MH: When I talked to Houston manager Bo Porter before tonight’s game, he was pretty optimistic about the club moving forward. He does not think they will be a poor team forever, regardless of flat diamonds and whatnot.

RC: Have to say I disagree on that one. I think this Astros team is a tragic misstep in human history. Baseball has created a team separate from itself. It is a team that should not exist. They labor under the illusion that they are a real team, when in fact they are nothing.

MH: I’m not so sure abou—

RC: The honorable thing for them is to deny their programming. Stop hitting. Jog around the bases until extinction. A final few innings of ballplayers opting out of a raw deal… That is what I mean when I’m talking about time and death and futility.

MH: Oh, yes, if you weren’t with us in the 15th inning you missed a doozie, folks.

RC: Eight straight hours of watching the Astros and Blue Jays and these are the things you think of, Marty.

MH: I guess I can start to see your point there, Rust. Altuve fouls one back to the backstop. Do you ever wonder if you’re a bad analyst?

RC: No, I don’t Marty. The world needs bad announcers.

Introducing Salary+

A few days ago, we found that that the relationship between wins and salary among MLB teams in 2014 was not that strong. Today we’re going to see if that was a fluke or the norm.

Salaries Over the Years

Graphs get bigger with one click!

Because the average team salary has increased by about $40 million over the past decade (and $80 million over the last two), we can’t compare wins to money spent straight up. To address this I have created Salary+, making the league-average salary for each season is 100. If you’re familiar with stats like OPS+ and ERA- you probably get it, skip the next paragraph. If not:

Like salary, most stats change over time. The average hitter in 2000 had a .345 OBP, but the average hitter in 1968 had a .299 OBP. In order to better compare players from those years, we take the player’s OBP, divide it by the league average for that season, and multiply it by 100. So if your OBP+ is 100 you were an average hitter for that year. If you’re above 100 you were above average, if you are below 100, below average. That goes for any stat you see a + after. Conversely we have ERA- because the lower the better, so an ERA- of 100 is average, but 60 is awesome.

Salary+ keeps things proportional, so the R-squared value is the same for each season whether you use the actual dollar value or the Salary+ value. In 2014, the R-squared for salary compared to wins was 0.087, which is not all that strong of a relationship. If we expand our pool back to 1988 (that’s all USA Today had in its database), that gives us 724 team seasons and an R-squared of 0.163. So this season was below average, but clearly there is more to a winning team than spending a lot of money. I left out the 1994 and 1995 as they were shortened due to the lockout.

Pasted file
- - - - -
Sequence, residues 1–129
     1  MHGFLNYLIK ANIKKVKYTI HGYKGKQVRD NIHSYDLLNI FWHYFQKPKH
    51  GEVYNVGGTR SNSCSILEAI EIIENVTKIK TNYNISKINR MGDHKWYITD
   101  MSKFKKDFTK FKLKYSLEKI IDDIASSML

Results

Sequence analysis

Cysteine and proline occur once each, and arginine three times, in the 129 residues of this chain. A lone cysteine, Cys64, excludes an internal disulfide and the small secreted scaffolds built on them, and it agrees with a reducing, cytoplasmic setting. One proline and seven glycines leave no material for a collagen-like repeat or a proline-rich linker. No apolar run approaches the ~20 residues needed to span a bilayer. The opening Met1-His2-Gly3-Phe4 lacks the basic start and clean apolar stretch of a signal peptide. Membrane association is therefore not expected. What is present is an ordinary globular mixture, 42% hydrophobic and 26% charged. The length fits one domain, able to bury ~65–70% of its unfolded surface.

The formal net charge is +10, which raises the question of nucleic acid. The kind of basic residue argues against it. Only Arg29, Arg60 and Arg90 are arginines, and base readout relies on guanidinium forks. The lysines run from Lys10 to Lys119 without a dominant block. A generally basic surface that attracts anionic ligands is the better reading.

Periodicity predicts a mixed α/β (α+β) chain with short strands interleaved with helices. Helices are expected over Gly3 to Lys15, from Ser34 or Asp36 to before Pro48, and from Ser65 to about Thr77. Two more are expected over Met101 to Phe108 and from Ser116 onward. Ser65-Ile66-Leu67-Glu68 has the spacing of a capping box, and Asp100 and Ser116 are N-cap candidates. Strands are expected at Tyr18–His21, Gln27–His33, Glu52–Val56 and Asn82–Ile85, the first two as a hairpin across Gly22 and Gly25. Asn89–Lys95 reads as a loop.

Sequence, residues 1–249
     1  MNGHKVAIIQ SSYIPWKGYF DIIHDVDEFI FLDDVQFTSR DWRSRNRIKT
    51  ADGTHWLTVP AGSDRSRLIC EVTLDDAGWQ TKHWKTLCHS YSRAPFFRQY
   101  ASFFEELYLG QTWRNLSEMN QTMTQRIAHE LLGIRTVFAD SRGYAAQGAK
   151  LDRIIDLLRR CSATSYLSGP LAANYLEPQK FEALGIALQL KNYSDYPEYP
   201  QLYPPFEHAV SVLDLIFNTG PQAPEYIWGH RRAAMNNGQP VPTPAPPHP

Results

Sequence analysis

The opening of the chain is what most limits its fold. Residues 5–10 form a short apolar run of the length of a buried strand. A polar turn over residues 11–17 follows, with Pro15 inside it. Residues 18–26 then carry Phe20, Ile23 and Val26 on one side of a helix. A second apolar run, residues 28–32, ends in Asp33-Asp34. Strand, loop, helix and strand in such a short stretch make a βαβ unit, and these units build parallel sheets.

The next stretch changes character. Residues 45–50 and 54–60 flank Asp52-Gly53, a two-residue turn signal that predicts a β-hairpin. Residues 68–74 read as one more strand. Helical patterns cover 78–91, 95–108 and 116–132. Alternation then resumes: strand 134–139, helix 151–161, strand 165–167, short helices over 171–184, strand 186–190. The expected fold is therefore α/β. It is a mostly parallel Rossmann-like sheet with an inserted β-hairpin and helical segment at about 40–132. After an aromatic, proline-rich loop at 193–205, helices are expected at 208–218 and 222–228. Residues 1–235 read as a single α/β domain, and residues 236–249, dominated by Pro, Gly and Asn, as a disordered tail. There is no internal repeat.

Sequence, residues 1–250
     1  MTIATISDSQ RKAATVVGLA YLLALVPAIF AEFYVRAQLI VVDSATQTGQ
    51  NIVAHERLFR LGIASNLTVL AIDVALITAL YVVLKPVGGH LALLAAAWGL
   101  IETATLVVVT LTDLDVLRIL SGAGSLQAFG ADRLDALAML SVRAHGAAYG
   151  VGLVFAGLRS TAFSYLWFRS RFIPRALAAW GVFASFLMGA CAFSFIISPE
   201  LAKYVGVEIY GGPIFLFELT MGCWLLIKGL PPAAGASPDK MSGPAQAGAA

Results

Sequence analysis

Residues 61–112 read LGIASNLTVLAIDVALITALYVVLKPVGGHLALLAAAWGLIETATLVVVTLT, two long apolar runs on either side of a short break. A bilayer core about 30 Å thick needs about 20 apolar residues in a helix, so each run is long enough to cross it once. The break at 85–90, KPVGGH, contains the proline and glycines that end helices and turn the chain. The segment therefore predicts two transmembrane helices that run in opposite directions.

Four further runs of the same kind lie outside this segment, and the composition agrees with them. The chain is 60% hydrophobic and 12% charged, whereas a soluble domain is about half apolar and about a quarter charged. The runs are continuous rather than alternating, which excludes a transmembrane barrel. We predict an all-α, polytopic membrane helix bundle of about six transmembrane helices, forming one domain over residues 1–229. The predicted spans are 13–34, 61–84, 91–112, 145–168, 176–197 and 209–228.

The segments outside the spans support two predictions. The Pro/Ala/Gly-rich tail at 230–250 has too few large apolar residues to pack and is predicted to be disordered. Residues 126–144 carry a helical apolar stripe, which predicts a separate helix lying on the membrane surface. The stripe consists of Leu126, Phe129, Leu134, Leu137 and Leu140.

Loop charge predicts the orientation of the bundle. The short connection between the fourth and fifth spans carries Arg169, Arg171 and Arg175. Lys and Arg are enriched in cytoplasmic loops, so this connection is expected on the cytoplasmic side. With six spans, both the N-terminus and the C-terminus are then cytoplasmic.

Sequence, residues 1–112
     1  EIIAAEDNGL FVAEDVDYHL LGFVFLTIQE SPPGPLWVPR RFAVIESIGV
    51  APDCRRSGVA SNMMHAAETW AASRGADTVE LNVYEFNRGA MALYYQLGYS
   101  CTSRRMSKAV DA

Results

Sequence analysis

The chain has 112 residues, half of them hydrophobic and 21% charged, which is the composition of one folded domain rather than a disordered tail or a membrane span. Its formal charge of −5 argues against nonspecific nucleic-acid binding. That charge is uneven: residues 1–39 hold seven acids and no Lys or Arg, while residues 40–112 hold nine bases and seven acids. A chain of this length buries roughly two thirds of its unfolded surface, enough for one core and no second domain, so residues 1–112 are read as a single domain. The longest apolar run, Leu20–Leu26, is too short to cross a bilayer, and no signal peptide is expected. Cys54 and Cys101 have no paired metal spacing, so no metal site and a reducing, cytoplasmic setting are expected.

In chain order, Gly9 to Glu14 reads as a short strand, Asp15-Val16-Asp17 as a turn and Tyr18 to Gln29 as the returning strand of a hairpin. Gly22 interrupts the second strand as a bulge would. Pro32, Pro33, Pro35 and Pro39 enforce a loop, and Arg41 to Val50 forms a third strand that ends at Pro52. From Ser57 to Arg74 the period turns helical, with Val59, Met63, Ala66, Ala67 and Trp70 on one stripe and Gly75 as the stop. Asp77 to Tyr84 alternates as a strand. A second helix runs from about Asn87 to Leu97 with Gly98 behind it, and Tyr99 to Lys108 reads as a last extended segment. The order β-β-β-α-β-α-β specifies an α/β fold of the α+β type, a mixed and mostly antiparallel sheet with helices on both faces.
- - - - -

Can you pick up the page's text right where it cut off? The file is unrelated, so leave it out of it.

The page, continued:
Salaries vs Wins, R-sqared

I wanted to see how much the relationship fluctuated from season-to-season, so I found the R-squared of each season and plotted them out. In the early 1990s there was virtually no relationship, but it rose sharply toward the end of the decade.

Yearly Salary R-squared

Part of that I would credit to the increasing range of salaries, which doubled from 1992, when the R-squared was at its lowest, to 1999, when it was at its peak. This would seem to lend credence to the thinking that the Yankees (who won the AL from 1998- 2001) bought their way to the top. Since 1988 the Yanks’ R-squared for salary and wins has been stronger than the League-average at .295.

Over the past decade though, the relationship between salary and wins has again been on the decline. Teams with smaller budgets have been able to compete by minimizing their cost per win. Oakland has managed to average 88 wins on an average Salary+ of 66 since hiring Billy Beane. Still, in 2014, five playoff teams in 2014 came from the League’s top third, three from the middle, and two from the bottom. Spending money helps, but it does not guarantee anything: Four of the five highest salaries did not make the playoffs in 2014.


While we’re at it, here are a few more graphs using Salary+. Everyone knows the Yankees like to spend a lot of money, but I never realized it was this much.

Highest Salary+ Teams

And in the interest of symmetry, here are the lowest spenders.

Lowest Salary+ Teams